I know, I know. I’m a huge Lotus Notes fan. Just calm down.

I will save my reasoning for another post, but suffice it to say my interest as a small one-man shop in a Medium to Large business collaboration / development platform like Lotus Notes tends to draw a bit of head scratching. But a six part article (only 2 parts have been published so far) by Eric Mack, who works with the creators of the “Getting Things Done” methodology (GTD for short), sheds some light on how Lotus Notes, and various non-Lotus clients such as Blackberries, PocketPC’s etc. can be leveraged against the Lotus platform to allow for tremendously increased productivity in a way that reduces the stress that piles up around not getting things done.

If you aren’t familiar with the GTD methodology, it’s basic premise is that if you have an iron-clad system that you trust for organizing the flood of details, tasks, and communication that make up a typical work day, you will be able to better manage that deluge and not miss any details, nor be surrounded by growing stacks of miscellany (or even worse, really important stuff). And since the iron-clad system requires established and well regimented set of habits, those details won’t be stressing you out, because they are in the ‘system’ that you trust, and not bouncing around in your brain –which for most people is not really very good at that kind of organization.  If you want to keep the trees of you property looking beautiful what you need is tree trimming and pruning.

That’s kind of where GTD tends to fall down for lots of people. Folks with day jobs tend to punch in at nine, and out at five, and their evenings and weekends are their own. Most small business owners, entrepreneurs, or senior level executives (for whom the book seems to be targetted) are always on the clock. Or at least are likely to be interrupted by it at all hours. Mucking around with the habits required for survival without enough capital or momentum with which to be able to afford the time required to build these habits can be potentially damaging. And so most people, like myself, get most of the way through the book but don’t finish, or find themselves unable to commit to certain procedural strategies and get only a fraction of the benefit.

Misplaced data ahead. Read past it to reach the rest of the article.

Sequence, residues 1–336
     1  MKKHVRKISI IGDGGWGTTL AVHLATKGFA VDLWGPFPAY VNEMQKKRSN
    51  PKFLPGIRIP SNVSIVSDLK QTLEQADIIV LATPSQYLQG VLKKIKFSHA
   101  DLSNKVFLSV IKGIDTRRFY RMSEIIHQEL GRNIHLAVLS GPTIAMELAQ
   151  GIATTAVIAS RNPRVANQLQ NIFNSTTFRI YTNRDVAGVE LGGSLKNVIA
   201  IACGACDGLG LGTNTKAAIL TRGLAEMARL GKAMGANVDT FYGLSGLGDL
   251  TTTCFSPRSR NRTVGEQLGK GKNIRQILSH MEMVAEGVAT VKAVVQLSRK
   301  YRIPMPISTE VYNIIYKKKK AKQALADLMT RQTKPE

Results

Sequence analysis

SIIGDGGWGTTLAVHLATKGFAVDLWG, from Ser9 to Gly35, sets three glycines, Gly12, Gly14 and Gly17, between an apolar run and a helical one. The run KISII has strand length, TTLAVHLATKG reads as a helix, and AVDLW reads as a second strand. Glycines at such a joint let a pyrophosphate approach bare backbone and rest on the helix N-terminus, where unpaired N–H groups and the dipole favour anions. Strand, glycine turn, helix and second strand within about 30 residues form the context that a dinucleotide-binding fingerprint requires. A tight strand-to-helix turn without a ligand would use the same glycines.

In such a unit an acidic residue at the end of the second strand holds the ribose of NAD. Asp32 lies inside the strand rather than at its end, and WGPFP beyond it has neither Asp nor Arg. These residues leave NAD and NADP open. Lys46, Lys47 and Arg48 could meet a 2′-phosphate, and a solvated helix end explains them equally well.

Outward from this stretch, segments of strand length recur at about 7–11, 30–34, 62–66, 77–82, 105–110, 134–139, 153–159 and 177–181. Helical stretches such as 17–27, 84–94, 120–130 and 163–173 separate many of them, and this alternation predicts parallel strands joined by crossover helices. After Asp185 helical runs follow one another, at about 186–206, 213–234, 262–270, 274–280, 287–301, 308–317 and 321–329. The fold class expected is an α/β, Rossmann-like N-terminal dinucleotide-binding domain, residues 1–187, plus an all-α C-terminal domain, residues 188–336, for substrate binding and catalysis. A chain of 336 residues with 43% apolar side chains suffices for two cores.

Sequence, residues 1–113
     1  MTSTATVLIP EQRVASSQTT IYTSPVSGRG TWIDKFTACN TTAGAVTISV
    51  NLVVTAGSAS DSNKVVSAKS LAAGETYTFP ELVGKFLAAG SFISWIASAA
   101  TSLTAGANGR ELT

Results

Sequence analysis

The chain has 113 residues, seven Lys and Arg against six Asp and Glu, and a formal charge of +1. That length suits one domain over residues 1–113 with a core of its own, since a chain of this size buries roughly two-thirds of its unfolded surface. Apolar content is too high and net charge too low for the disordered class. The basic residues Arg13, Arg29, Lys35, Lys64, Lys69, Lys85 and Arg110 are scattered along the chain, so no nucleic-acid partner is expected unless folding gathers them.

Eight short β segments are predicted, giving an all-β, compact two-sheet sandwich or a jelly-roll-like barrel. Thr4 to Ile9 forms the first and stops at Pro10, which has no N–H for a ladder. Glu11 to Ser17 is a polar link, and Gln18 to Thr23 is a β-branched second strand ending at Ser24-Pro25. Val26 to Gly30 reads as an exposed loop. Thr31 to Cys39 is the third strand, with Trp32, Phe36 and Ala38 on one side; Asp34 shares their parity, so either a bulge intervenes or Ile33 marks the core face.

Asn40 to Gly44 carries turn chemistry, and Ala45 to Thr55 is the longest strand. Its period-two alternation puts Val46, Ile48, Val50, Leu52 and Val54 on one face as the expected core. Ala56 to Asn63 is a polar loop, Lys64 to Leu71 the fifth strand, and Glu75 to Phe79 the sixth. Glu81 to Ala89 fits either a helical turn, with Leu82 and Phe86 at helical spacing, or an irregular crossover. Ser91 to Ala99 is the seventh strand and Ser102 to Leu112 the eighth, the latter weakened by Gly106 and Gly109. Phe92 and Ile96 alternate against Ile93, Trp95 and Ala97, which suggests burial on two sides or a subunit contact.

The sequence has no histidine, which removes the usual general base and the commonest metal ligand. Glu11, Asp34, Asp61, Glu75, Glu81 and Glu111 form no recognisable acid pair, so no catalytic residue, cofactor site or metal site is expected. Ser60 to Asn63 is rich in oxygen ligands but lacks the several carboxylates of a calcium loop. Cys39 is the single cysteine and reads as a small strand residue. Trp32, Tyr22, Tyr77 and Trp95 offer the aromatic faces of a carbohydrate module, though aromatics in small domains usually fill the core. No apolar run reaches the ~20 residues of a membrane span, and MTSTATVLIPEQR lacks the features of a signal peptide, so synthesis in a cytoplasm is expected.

That’s why I’m eagerly anticipating the upcoming release of the official GTD notes template, “eProductivity™ for Lotus Notes™,” due for release… soon? Hopefully.

Out of the box, Notes is an okay environment for the GTD methodology. I purchased DavidCo’s (the company behind the book, etc.) booklet that is mentioned in Eric Mack’s article that shows how to rethink Lotus Notes for use with GTD practices, but if you are used to using Lotus’s best practices for the Notes client, trying to bend your brain in a new way when the client “feels so right” if used in it’s originally intended way… well lets just say that I’m, again, only using bits and pieces.

If this Notes template, created by the developers of the process, can (as advertised) integrate into the standard Notes features and functionality, embody the purity of the complete GTD process while still offering some levels of flexibility, then unless it costs kingly sums, this may become the Reese’s Peanut Butter Cup of personal productivity / organization for Small Businesses.

If you find GTD intriguing, and Notes nauseating, do a quick search for “GTD” over at You will surely find mention of a GTD(ish) product that works on your OS, Mail / Office suite, mobile phone, salad shooter, etc.

If you’re curious about why any one single, solitary, person would want to use Lotus Notes, stay tuned. It’s coming.

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